5 Best Ways To Use the Leg Press Machine
1. Basic feet leg press: For total leg growth, space your feet shoulder-width apart.
2. High feet leg press: Placing the feet higher up on the foot pad stimulates the hamstrings and glutes, relieving stress on the quadriceps. This is an excellent alternative to deadlifts and hamstring curls. Most people will discover that they can lift the most weight in this position.
3. Low feet leg press: Placing the feet low on the foot pad completely transfers the exercise’s stress-loading pattern onto the quads. This is the finest squat alternative, however, if you have knee discomfort, take it easy on this one.
4. Wide stance leg press: By bringing you further apart, the emphasis will move on to your inner quad muscles. This move is a similar one to a standard sumo squat.
5. Leg press narrow stance: You will work the outer thigh muscles by moving your feet closer together. The lower your narrow stance is placed, the more quad-dominant this variation will be. However, by placing the feet close together, you will already be putting greater attention on the quad muscles, making this a great variation for anyone looking to build up this muscle in particular.
Leg Press Alternatives
Squat: The squat is one of the best workouts for increasing leg strength and muscular mass. Squats are performed by standing with your feet shoulder-width apart and your toes pointing slightly outward. Lower your body until your thighs are parallel to the ground, then press back up to start.
Lunge: Lunges are yet another excellent leg exercise. Step forward with one leg and lower your torso until your knees are bent at a 90-degree angle. Check that your front knee is directly above your ankle and your back knee is just above the ground. To return to the beginning position, push through your front heel. Rep with the other leg.
Bulgarian split squat: The Bulgarian split squat is a more difficult lunge version. To perform a Bulgarian split squat, stand with your back to a bench or chair and set one foot on an elevated platform behind you. Bend your front knee and lower your body till your knees are 90 degrees apart. Check that your front knee is directly above your ankle and your back knee is just above the ground. To return to the beginning position, push through your front heel. Rep with the other leg.
leg press calf raise
The leg press calves raise is a calf raise variation in which the calf muscles are targeted using the leg press machine. It’s a good way to build cavalry power and muscle.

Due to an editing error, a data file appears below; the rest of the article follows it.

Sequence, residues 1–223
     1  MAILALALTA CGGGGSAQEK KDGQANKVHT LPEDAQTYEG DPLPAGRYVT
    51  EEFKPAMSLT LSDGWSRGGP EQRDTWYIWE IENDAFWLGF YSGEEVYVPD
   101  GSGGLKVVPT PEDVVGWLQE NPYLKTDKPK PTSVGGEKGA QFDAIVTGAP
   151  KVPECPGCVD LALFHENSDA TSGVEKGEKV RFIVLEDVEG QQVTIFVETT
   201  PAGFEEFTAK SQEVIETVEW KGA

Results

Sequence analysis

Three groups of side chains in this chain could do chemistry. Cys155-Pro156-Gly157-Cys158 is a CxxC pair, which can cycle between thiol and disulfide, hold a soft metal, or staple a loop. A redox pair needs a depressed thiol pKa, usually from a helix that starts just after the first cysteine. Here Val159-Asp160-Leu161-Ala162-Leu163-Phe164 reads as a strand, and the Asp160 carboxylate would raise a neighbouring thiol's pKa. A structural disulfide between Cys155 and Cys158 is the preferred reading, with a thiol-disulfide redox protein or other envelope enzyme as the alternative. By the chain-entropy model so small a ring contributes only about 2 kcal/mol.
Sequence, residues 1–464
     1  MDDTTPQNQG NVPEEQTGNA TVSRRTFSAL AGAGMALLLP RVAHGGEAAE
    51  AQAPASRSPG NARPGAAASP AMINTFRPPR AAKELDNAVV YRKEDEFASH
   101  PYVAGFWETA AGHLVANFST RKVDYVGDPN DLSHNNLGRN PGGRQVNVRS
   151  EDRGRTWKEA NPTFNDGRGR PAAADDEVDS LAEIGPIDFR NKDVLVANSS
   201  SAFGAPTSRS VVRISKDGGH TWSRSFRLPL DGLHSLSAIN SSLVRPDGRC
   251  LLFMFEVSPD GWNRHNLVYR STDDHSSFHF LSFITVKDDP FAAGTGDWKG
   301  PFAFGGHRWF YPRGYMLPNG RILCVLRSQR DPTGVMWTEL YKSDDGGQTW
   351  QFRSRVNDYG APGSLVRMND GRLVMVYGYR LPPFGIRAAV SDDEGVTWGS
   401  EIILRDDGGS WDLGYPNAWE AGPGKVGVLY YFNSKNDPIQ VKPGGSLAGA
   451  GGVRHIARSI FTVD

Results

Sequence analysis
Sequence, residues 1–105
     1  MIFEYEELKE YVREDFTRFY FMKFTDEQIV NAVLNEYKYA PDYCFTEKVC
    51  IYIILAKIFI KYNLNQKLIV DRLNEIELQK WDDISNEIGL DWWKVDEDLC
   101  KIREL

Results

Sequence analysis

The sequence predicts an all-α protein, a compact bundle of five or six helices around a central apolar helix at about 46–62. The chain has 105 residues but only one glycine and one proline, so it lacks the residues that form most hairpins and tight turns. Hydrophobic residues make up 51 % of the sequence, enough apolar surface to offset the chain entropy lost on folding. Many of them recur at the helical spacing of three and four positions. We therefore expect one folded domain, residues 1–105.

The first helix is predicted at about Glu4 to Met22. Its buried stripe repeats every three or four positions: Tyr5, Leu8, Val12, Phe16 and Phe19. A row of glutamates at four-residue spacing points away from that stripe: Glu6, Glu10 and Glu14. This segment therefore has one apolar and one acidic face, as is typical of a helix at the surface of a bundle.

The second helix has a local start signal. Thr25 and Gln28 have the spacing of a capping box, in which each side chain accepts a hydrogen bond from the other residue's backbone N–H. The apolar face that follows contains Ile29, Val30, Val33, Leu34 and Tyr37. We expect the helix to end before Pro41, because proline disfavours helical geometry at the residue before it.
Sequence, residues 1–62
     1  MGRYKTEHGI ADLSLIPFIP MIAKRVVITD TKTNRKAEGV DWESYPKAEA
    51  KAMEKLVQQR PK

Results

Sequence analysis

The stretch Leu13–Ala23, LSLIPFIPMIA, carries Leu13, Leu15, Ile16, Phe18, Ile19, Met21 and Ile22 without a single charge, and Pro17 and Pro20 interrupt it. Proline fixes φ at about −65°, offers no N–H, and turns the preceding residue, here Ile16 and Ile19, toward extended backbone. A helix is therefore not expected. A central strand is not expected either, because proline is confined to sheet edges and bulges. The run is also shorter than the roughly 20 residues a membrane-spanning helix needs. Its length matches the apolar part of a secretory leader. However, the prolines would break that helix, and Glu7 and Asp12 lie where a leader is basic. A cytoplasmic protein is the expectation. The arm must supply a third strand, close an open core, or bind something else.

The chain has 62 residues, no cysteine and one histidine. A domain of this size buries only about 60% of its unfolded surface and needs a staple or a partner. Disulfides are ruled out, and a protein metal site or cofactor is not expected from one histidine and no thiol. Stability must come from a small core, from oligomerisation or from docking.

To do a leg press calf raise, follow these steps:
- Place your feet shoulder-width apart on the leg press machine, with your toes pointed slightly outward.
- Place your feet on the platform and lower your heels until they hang over the side.
- Squeeze your calf muscles at the top of the movement as you drive your heels up as high as possible.
- Pause for a second at the top before lowering your heels to the starting position.
How much weight is actually on a leg press?
The weight of a leg press machine varies according to manufacturer and type. Commercial leg press machines typically weigh between 500 and 1000 pounds. Models geared for household use are more small and can weigh as low as 100 pounds.
is a leg press better than squats?
Are leg presses better than squats? Squats are better than leg presses if you had to choose one exercise over the other. This is because the squat recruits almost every muscle in the lower body, improves balance, has a greater metabolic response, and can increase other sports skills compared with the leg press.
how much weight should you be able to leg press?
It is best to begin with a typical weight that is 50 to 75 percent of your whole body weight. Intermediate: An intermediate male lifter’s average leg press weight is around 193 kg (1RM). In comparison to the overall population, this level is regarded as impressive.
how much is a leg press machine without weight?
This allows you to develop a feel for the machine without risking injury from a bad lift. As previously stated, the weight of a leg press without weights can range from 20kg to 60kg, depending on the equipment brand.
- Liu, C., Chen, C. S., Ho, W. H., Füle, R. J., Chung, P. H., & Shiang, T. Y. (2013). The effects of passive leg press training on jumping performance, speed, and muscle power. The Journal of Strength & Conditioning Research, 27(6), 1479-1486.
- Wirth, K., Hartmann, H., Sander, A., Mickel, C., Szilvas, E., & Keiner, M. (2016). The impact of back squat and leg-press exercises on maximal strength and speed-strength parameters. The Journal of Strength & Conditioning Research, 30(5), 1205-1212.
- Redden, J., Stokes, K., & Williams, S. (2018). Establishing the reliability and limits of a meaningful change of lower limb strength and power measures during seated leg press in elite soccer players. Journal of sports science & medicine, 17(4), 539.
- Zhao, X., Turner, A. P., Sproule, J., & Phillips, S. M. (2023). The Effect of Unilateral and Bilateral Leg Press Training on Lower Body Strength and Power and Athletic Performance in Adolescent Rugby Players. Journal of Human Kinetics, 86, 235.
- Martín-Fuentes, I., Oliva-Lozano, J. M., & Muyor, J. M. (2020). Evaluation of the lower limb muscles’ electromyographic activity during the leg press exercise and its variants: a systematic review. International journal of environmental research and public health, 17(13), 4626.
- Augustsson, J., Thomeé, R., Hörnstedt, P., Lindblom, J., Karlsson, J., & Grimby, G. (2003). Effect of pre-exhaustion exercise on lower-extremity muscle activation during a leg press exercise. The Journal of Strength & Conditioning Research, 17(2), 411-416.
- Tanimoto, M., Arakawa, H., Sato, M., & Nagano, A. (2023). Lateral Force and EMG Activity in Wide-and Narrow-Grip Bench Press in Various Conditions. Sports, 11(8), 154.